A Train with a 114-Year-Old Name

Today, I’m riding the oldest named train in the country, the Sunset Limited. It starts in New Orleans and ends it’s trek in Los Angeles. The train used to start in Orlando, but the eastern rails were washed out during Hurricane Katrina in 2005 and Amtrak doesn’t have the money to rebuild the tracks so they’re safe for passenger travel.

Most of the rails in America are owned by private companies at this point and that’s one big reason passenger travel takes longer than it should. Every commercial engine takes priority over the Amtrak cars and so passengers have to wait for freight trains to go by. Amtrak only owns 730 miles of railway in the U.S. now, including the northeast corridor where it can run high-speed trains.

A retired couple chatting with the man in the roommette next to them. The first man says he’s been riding trains for 40 years because “they’re an elegant way to travel.” He likes the pace, he says, and since he’s retired he’s “laid down the burden of hurrying. I wish I’d done it years ago.”

Let me disclose something here: if you’re speaking loudly enough for me to hear, I’m probably listening in to your conversation. I’m that kind of person.

The second man is traveling alone because his wife hates traveling unless she’s going to see family. But he’s excited because this trip includes a ride on the famed Zephyr train that travels between San Francisco and Chicago. “Oh, we want to ride that!” says the first guy’s wife. “That’s the best ride in the country, people say.”

I plan to take the Zephyr this year, too, because I’ve heard how spectacular the views are. Here are a couple photos:

The Zephyr is Amtrak’s second longest route, going nearly 2,500 miles over 51-and-a-half-hours. I will definitely pay for a bedroom for that trip, instead of a roommette.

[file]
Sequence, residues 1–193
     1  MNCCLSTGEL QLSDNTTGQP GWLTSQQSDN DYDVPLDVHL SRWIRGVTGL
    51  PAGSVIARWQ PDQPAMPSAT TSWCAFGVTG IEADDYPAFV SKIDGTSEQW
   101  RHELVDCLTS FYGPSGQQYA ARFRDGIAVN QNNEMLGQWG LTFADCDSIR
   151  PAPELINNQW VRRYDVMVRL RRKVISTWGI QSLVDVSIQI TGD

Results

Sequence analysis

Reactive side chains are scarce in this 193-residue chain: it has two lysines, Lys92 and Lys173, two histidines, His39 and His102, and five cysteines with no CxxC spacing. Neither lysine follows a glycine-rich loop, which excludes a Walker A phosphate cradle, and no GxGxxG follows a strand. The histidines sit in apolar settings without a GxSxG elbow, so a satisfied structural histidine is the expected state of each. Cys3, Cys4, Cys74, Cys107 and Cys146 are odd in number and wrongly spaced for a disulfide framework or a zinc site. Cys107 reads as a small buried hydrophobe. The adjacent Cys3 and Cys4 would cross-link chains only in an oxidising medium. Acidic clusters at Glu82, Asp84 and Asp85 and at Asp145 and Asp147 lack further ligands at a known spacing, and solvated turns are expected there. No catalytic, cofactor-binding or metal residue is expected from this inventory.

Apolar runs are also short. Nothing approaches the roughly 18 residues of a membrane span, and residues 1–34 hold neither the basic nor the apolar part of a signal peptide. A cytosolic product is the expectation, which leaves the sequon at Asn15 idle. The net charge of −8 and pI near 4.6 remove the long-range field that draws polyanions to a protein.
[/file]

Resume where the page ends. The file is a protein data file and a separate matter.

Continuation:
The second guy says he plans to look out the window during the entire trip and “drink it in.” “When I was working,” he says, “I never paid attention to what was out the window. I just wanted to get where I was going.”

The couple chimes in again, anxious to talk about all the drama they’ve seen while riding the rails. Once, they watched federal agents quietly board their car and take away two men who were carrying duffel bags full of narcotics. On another trip, they chatted with a guy who bragged about his marijuana plants and his success at selling weed and hemp. Sadly, he was carrying some of the product with him and was arrested at the next stop, since you can’t carry MJ over state lines.

The trio is talking about the burrito lady in the El Paso station now, which is a cruel thing to do to a native Californian. Now I really want a burrito.

When we get to New Iberia, we stop briefly next to a barbecue place where the owner/bbq master is standing out front, waving. Debbie, the server in the dining car, explains that his barbecue wins awards and he often hands food into the employees on train. In fifteen years, though, Debbie has never gotten to try the ribs.

After lunch, back in my cozy little roommette, I’m a little too comfortable and the swaying train car rocks me to sleep. When I wake up, we’re in Texas and it’s time for dinner. Not a bad life.

Writer, journalist, anchor, reporter. All views are my own. celesteheadlee.com, https://www.harpercollins.com/9780062669001/we-need-to-talk/

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